Both of these hypotheses came about.
The Commissioner ruled against the government and the government played the Code card.
It just wasn’t the same code that had ruled their conduct when they refused Stihler’s FoI request in the first place. They had changed it retrospectively to support that refusal.
The wording of the 2008 version of the Code – in play at the time of the refusal to respond to Stihler and still in play during the first phase of the Information Commissioner’s investigation, is that ministers may not reveal if ‘legal advice has been given’.
When The Herald blew the whistle on the retrospective altering of the Code, a spokesman for the Scottish Government said: ‘There is no difference in meaning between the formulation “has been given” and ‘has or has not been given”. ‘
But there is a difference – and if there was not, why change it?
The first version forbids a positive – that the fact that advice has been given must not be confirmed with permission of the Law Officers.
The revised version forbids both a positive and, expressly, a negative – that the fact that advice has or has not been given cannot be revealed without the permission of the Law Officers.
This was the escape clause the government wanted, which they manufactured for themselves and which they later deployed to defend against the Commissioner’s ruling and to disguise the fact that they had not even sought such advice.
Of course such conduct is utterly improper, utterly unacceptable in a democracy and simply not available to anyone who sees probity as a non-negotiable governing principle.
Of course this conduct raises questions about who should write and who should police the Ministerial Code.
But The Herald revealed this on 4th November. This was the time for the Labour group to go in hard on insistence on change in this matter.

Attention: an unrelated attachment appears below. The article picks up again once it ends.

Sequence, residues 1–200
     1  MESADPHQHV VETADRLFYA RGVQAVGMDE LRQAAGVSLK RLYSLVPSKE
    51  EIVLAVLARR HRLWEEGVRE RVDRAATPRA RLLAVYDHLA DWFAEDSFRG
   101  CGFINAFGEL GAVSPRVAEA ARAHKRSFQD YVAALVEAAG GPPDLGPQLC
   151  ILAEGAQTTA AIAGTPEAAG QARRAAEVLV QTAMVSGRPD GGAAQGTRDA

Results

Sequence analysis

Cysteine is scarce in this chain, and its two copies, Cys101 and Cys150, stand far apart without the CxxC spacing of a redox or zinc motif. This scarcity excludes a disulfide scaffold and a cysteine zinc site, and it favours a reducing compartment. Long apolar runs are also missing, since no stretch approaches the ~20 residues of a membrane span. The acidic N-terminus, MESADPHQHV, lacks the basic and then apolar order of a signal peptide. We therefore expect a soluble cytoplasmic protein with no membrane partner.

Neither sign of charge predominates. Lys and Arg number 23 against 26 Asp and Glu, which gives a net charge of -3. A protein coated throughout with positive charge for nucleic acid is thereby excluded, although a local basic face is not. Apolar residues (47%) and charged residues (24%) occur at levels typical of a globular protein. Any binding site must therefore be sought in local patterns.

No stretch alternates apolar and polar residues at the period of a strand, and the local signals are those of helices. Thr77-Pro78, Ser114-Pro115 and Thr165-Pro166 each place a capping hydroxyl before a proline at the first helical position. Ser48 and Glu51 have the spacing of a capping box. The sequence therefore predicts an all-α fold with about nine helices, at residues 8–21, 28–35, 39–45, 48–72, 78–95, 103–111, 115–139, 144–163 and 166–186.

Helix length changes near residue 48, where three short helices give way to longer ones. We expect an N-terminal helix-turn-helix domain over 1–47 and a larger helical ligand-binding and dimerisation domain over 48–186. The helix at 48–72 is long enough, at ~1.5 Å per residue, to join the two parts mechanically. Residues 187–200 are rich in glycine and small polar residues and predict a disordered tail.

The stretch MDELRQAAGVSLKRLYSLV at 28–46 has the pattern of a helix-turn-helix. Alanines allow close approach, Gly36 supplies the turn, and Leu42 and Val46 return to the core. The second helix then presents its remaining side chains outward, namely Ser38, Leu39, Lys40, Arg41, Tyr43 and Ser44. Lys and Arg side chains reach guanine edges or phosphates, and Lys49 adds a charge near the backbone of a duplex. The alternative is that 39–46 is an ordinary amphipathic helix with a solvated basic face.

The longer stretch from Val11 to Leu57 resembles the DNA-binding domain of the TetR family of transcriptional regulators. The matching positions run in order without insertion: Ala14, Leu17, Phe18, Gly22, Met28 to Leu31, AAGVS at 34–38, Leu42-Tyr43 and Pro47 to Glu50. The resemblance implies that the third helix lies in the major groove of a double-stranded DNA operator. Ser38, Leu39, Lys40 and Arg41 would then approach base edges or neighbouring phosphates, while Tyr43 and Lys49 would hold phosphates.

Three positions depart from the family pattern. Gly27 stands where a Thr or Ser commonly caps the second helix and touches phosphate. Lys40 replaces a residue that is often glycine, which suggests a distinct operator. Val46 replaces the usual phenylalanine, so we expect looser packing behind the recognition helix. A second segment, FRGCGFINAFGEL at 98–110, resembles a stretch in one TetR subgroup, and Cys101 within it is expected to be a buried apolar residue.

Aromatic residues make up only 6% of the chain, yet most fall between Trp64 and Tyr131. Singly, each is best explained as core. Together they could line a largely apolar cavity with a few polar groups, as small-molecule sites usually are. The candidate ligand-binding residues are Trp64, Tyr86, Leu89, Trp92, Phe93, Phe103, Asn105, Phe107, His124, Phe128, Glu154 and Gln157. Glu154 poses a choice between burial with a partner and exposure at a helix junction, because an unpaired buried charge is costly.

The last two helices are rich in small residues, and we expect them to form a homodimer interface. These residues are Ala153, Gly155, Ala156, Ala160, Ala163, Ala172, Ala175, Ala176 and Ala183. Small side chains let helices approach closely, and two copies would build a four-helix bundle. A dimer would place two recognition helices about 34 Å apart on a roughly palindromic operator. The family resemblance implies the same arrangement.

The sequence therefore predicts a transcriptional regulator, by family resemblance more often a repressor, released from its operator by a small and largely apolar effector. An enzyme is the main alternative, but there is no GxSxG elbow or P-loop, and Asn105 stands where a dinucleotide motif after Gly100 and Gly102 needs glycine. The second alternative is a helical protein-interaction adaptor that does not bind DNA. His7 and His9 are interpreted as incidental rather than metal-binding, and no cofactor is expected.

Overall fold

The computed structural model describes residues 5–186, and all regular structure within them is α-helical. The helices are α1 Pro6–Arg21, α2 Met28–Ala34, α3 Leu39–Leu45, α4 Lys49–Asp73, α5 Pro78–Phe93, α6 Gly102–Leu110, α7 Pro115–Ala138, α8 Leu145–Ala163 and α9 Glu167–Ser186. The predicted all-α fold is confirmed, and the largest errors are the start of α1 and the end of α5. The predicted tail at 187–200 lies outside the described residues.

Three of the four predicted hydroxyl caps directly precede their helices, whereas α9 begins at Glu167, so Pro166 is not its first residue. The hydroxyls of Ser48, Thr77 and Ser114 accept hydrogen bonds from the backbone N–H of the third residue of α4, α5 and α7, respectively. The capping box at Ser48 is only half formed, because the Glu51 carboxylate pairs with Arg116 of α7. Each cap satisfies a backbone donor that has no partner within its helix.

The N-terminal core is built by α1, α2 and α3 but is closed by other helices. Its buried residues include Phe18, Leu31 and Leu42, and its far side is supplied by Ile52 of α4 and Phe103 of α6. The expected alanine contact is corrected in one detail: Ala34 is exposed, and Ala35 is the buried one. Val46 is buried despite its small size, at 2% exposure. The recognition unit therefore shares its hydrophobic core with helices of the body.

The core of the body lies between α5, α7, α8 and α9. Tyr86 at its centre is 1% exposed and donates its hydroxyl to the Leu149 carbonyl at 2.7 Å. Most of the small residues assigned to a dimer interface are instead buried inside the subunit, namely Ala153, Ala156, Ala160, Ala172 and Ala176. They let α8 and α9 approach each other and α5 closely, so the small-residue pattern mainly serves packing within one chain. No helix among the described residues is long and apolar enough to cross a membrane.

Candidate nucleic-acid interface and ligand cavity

Of course it is indefensible – unthinkable – that those governed by any code of practice should write that code themselves – amend it when it suits them, even in the middle of ongoing statutory investigations and also arrange the detail of any investigation of improper conduct under that code.
Why did Labour wait until 18th November, two weeks after The Herald’s revelations?
The giving of misleading figures on education funding is quite wrong and manifestly a serially strategic device in use by the First Minister – but it does not have the political velocity of the brass necked deception over the unsought legal advice on potential EU membership for a hypothetical independent Scotland.
If the Labour group take two weeks to recognise and grab one of the most effective political torpedoes they could have been handed – The Herald’s 4th November revelations of the government’s retrospective rewriting of the Ministerial Code – this sort of response time is no use in government.
This situation demonstrates a compound failure.
One is a failure of fundamental integrity in what only the self-mutilatorily blinkered could defend as unintentional or coincidental manipulation.
One is of the Doh faction’s failure to wake up and smell the cordite.
This evidence of signal bur different failure by the two main political parties in Scotland leaves the country with only one choice in 2014. Bide time for better.